Gülen-linked woman dies in Greece as she waits to join husband in Germany

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A mother of three children aged 3, 7 and 10, Uludağ was a civil servant in the Karabağlar district governor’s office in İzmir province until she was dismissed over alleged links to the Gülen movement by a government decree issued under an ongoing state of emergency declared in the aftermath of a military coup attempt on July 15, 2016. The woman also remained behind bars for three months and then released on judicial probation.

The Turkish government accuses the Gülen movement of masterminding the failed coup, although the movement strongly denies any involvement.

Her husband, Mehmet Ali Uludağ (38), had to leave Turkey due to a number of investigations launched into him and detention warrants issued for him over his alleged ties to the movement. He first fled to Greece and then sought asylum in Germany.

As he succeeded in obtaining a residence permit in Germany, his wife Esma Uludağ, together with her three children, crossed the Evros River about six months ago and took refuge in Greece. The woman and her children were waiting in Athens for family unification.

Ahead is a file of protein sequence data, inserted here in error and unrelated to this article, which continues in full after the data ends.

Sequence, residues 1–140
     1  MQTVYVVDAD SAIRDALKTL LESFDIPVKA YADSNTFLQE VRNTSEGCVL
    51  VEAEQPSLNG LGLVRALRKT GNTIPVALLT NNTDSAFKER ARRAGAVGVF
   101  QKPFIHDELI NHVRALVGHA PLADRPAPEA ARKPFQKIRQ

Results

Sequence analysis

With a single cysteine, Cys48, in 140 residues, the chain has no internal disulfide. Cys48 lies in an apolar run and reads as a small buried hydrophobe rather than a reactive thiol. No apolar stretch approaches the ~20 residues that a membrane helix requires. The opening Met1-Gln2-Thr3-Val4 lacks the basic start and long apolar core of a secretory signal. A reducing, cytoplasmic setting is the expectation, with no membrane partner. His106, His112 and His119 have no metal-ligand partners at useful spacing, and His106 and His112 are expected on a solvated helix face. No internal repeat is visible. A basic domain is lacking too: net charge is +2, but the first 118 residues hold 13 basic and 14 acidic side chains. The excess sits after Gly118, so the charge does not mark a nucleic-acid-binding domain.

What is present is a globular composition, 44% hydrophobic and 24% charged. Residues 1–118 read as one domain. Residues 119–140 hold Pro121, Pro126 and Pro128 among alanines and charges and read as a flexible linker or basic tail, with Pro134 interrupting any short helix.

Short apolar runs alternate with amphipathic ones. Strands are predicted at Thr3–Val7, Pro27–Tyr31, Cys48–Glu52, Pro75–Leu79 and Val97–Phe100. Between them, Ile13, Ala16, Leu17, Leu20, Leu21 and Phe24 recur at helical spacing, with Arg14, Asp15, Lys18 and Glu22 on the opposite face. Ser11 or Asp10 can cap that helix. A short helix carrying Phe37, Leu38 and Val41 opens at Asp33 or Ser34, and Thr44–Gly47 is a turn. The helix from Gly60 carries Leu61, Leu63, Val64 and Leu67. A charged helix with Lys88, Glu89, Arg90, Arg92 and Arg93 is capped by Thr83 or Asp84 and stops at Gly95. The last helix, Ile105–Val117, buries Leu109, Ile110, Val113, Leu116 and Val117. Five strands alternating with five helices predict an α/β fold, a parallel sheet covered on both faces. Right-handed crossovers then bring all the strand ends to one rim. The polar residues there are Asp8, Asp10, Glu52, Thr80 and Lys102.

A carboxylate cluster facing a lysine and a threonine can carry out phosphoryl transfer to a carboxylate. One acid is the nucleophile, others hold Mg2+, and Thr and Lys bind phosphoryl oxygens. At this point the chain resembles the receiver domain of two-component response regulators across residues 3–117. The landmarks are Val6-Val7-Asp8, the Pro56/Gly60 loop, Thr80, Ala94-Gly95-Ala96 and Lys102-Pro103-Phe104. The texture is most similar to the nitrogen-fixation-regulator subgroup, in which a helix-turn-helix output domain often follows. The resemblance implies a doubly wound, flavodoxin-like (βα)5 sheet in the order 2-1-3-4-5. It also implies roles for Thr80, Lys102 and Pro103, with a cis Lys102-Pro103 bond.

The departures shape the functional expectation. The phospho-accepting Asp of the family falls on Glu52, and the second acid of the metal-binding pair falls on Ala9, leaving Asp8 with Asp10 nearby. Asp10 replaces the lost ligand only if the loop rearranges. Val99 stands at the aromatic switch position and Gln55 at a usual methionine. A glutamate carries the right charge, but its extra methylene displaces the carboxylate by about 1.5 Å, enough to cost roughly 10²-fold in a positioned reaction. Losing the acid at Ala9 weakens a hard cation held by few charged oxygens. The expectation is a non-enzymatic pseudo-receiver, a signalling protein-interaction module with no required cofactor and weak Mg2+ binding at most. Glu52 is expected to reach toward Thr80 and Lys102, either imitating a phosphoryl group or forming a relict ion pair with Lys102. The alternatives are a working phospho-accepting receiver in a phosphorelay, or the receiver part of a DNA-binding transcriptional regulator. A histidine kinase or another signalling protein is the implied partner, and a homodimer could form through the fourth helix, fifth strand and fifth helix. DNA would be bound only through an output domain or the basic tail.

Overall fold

However, Esma Uludağ unexpectedly suffered a stroke on Saturday night. She was taken to a hospital in an ambulance that reportedly took 40 minutes to arrive at the scene. She passed away despite doctors’ efforts in the hospital.

Uludağ’s body is reportedly going to be taken to Turkey for funeral services after completion of an autopsy and official procedures in Greece.

According to the aktifhaber news website, Esma Uludağ was an avid student and had several university degrees. She graduated from the physics department of İzmir-based Dokuz Eylül University in 2007. She had a master’s degree from Celal Bayar University in Bolu in 2009 and later graduated from the Gediz University Vocational School of Justice as the most successful student, having an average grade of 3.89 out of 4. Esma received her diploma with her children, 8-year-old Veli Said, 4-year old Müşerref Zümra and 38-day old Ceyda.

Thousands of people have fled Turkey due to the witch-hunt carried out by the Turkish government against sympathizers of the Gülen movement. Many tried to escape Turkey by illegal means as the government had cancelled their passports like thousands of others. On Feb 13, 2018 at least three people died and five others went missing after a boat carrying a group of eight capsized in the Evros River while seeking to escape the post-coup crackdown in Turkey.

Greece’s asylum service says more than 1,800 Turkish citizens requested sanctuary in 2017, a tenfold increase over the previous year. This puts Greece in second place behind Germany as an EU destination of choice for Turks believed to be fleeing the sweeping measures following the coup bid.

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